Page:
A team comprising of three mentors- Sanjai K, Deepa Adkoli and Veena Krishnan and four mentees Shankarjyothi, Shubha, Smitha and Latha Y, decided to call themselves ‘team hydrophilic’ as they realized they were a bunch of nature buffs who wanted to do something about conserving water.

The word ‘hydrophilic’ literally means ‘water loving!’  Their team believes that “we may not get all the water we want, but we can have the water we need.” In the brainstorming workshop session a team member was noted saying “we want to start a dedicated movement that goes viral in sensitizing and encouraging people to practice water conservation.”
After a round of brainstorming with their team along with other Impact Together participants they decided to declare a “No Water Day” – A water conservation awareness initiative by Hydrophilic Team- in some colleges where they did their user research.

Their field research findings in a couple of colleges led them to understand some important user behavioral aspects like-

  • Students tend to be flippant about using water wisely.
  • Students who tend to be conscious about saving water at home were found to have a different attitude towards it while in college.
  • Lastly, college authorities didn’t seem perturbed about the need to save water (they encountered some leaking pipes, taps, etc).

These findings helped team members process few insights like-

  • Students tend to be less concerned about using water judiciously since they do not see the immediate impact of saving water.
  • Also, water being a shared resource a student doesn’t have much incentive to save it others may waste it anyway.
  • Lastly but not the least, they fail to see the monetary impact / benefit of saving water.

These insights assisted the team hydrophilic to form a design challenge- “How might we make it fun and cooler for the college students to save water thereby creating a multiplier effect to spread awareness?” Their long-term vision is to reduce the wastage of water in colleges by spreading awareness about water conservation practices in institutions.

After several months of going deeper into the heart of the problem, involving themselves in some secondary research, much deliberation over the best practices and planning on effective ways of approaching college students it was on the 15th of December, 2012,  that they launched their first-ever event! The plan was to conduct “No water day” campaign as part of the Mount Carmel College’s fest to promote the idea of using water wisely among numerous students.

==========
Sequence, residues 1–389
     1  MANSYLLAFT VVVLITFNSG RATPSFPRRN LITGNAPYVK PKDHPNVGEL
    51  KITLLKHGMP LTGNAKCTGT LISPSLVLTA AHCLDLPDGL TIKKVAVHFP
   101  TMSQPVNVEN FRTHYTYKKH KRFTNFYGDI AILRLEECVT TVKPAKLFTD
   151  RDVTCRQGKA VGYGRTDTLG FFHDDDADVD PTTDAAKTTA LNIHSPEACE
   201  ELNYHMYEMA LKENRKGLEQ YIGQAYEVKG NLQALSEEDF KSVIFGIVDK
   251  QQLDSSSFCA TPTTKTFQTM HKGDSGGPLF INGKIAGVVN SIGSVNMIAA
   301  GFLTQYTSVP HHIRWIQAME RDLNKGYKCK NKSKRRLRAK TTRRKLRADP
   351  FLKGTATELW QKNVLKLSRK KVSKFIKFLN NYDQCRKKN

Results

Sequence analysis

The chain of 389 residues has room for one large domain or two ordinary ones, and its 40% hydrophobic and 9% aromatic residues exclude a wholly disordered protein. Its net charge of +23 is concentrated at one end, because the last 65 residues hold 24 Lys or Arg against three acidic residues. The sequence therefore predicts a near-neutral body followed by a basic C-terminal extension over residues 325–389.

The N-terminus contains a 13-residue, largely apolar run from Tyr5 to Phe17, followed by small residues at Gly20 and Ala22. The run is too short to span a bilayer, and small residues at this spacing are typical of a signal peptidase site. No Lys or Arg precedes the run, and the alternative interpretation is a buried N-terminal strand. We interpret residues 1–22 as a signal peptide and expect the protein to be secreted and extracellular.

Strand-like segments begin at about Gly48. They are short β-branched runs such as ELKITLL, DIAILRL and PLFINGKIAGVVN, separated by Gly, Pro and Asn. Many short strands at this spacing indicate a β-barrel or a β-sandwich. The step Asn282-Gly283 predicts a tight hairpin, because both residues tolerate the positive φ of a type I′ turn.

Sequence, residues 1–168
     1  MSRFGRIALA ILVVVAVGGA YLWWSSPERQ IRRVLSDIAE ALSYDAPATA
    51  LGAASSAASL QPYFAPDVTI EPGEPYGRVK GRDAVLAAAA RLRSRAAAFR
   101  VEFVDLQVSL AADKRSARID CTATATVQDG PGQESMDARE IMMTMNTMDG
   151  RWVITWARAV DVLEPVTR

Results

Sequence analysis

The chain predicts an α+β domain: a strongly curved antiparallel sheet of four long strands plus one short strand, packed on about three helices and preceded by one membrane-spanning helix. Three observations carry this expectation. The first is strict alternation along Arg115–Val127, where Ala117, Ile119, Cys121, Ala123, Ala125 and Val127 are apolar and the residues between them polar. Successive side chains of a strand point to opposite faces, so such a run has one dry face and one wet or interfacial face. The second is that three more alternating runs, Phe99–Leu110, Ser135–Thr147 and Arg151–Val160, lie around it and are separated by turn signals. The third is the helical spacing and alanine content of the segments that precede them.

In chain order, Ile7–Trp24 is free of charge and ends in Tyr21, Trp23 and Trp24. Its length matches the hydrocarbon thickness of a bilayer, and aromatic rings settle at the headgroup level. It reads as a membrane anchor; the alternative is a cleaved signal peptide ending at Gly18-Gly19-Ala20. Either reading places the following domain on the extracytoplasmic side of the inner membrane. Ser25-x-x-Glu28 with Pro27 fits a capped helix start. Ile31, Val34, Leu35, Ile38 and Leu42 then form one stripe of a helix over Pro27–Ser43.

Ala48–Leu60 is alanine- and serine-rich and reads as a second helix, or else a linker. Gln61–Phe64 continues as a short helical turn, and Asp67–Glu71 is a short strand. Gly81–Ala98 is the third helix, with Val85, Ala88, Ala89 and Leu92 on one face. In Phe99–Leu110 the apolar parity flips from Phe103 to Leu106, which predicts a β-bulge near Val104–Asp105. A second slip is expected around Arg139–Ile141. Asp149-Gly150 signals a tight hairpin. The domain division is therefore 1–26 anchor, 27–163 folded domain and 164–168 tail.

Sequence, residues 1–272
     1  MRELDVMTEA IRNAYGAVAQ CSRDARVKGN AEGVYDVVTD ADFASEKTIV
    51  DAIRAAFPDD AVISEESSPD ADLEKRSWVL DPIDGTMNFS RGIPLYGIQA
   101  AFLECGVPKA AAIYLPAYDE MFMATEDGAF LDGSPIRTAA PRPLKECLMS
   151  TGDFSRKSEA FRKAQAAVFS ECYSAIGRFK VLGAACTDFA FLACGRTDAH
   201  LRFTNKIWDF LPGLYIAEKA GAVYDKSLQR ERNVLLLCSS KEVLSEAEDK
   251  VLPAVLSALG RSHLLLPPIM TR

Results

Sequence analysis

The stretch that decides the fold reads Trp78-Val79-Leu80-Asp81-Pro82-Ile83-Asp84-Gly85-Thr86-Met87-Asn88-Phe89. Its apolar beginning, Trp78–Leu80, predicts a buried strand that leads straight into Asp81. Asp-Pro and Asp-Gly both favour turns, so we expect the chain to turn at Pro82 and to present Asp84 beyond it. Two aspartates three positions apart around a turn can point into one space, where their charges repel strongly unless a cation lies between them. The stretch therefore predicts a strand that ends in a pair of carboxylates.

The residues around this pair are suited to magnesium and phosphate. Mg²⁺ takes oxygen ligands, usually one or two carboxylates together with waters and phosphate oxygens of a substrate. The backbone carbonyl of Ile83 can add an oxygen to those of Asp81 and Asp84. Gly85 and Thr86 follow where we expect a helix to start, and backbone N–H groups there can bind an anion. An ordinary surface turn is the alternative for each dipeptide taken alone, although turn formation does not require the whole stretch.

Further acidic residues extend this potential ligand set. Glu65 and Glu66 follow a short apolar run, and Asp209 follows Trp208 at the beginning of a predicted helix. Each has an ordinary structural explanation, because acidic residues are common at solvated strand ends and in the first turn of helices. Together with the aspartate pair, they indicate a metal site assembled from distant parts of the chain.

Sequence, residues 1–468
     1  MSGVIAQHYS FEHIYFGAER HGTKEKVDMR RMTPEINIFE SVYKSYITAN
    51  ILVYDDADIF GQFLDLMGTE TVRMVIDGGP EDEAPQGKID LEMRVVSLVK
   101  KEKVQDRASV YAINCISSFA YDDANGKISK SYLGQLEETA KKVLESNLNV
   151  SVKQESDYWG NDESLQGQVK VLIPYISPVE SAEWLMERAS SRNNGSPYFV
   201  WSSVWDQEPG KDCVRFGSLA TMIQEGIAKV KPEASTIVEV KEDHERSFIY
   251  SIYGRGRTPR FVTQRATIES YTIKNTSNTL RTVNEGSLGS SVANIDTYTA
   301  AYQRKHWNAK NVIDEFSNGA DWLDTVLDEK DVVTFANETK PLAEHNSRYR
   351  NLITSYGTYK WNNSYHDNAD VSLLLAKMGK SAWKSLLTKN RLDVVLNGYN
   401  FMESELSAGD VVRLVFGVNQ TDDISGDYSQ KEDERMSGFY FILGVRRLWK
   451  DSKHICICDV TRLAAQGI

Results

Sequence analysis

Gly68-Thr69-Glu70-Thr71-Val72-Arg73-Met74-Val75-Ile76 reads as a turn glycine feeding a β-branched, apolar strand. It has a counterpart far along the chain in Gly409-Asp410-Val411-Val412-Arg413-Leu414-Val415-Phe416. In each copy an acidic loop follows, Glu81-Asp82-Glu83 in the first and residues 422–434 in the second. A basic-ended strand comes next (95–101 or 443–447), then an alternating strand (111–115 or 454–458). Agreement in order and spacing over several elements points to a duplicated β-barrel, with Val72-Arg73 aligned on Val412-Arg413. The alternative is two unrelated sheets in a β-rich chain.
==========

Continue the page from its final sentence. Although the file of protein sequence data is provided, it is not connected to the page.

During the course of their “intervention” they conducted 4 fun activities around the college campus.  The underlying purpose of all these activities was to encourage youngsters to take a pledge to save water and use it wisely.

This is how team hydrophilic with their new joinee mentees Shilpa, Ramya, Lakshmi, Divya, Kavitha and Gayathri, mentor Veena & Deepa and Nikhil & Kaustubhi of team Mentor Together went around celebrating NO WATER DAY-

Good-Deed Ballot :-
Ramya and Shilpa went around the campus with a ballot collecting stories of small-time water conservationists written in a few words, who dropped their chits of good deeds in the ballot and shared the stories with them.

Did You Know Quiz :-
Gayathri, Lakshmi and Deepa went around the campus asking fun trivia about water, distributing sweets and stickers to those who are “aware” about the issues in question.

Your Glass of Water :-
Divya, Kavitha and Veena walked around the campus with two glasses of water, one with muddy water and one with very little clean water. Are you wondering what they did? Well they had  a lot of fun asking people to whack their brains and come up with as many answers as possible over how can they use this glass of muddy and clear water each!?  The innovators of the times were congratulated and appreciated with fun goodies.

Handful of water :-
Nikhil and Kaustubhi from Mentor Together team had two teams of volunteer participants play the game of transporting a handful of water. The task was to diligently transport water from one mug kept at one end of the  queue to the other using their hands, within a time limit of 2 minutes.  The team with more water in the mug at the other end won. The participants and winners were given stickers and candies each who in return pledged to save water while on campus. They literally made every drop count!

With the help of MCC’s student’s union the team succeeded in hosting a small prize distribution ceremony. In order to reinforce the best practices and the right attitude the best respondents for each game won a fun gift voucher at the end of the day.